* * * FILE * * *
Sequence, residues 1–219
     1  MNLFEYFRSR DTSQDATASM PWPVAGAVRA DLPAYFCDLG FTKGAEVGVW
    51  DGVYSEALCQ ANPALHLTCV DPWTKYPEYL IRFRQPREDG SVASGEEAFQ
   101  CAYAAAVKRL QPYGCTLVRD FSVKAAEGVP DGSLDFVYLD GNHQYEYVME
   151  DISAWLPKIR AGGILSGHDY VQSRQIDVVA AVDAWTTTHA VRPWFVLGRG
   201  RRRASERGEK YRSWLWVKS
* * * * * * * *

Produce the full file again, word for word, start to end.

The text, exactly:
Sequence, residues 1–219
     1  MNLFEYFRSR DTSQDATASM PWPVAGAVRA DLPAYFCDLG FTKGAEVGVW
    51  DGVYSEALCQ ANPALHLTCV DPWTKYPEYL IRFRQPREDG SVASGEEAFQ
   101  CAYAAAVKRL QPYGCTLVRD FSVKAAEGVP DGSLDFVYLD GNHQYEYVME
   151  DISAWLPKIR AGGILSGHDY VQSRQIDVVA AVDAWTTTHA VRPWFVLGRG
   201  RRRASERGEK YRSWLWVKS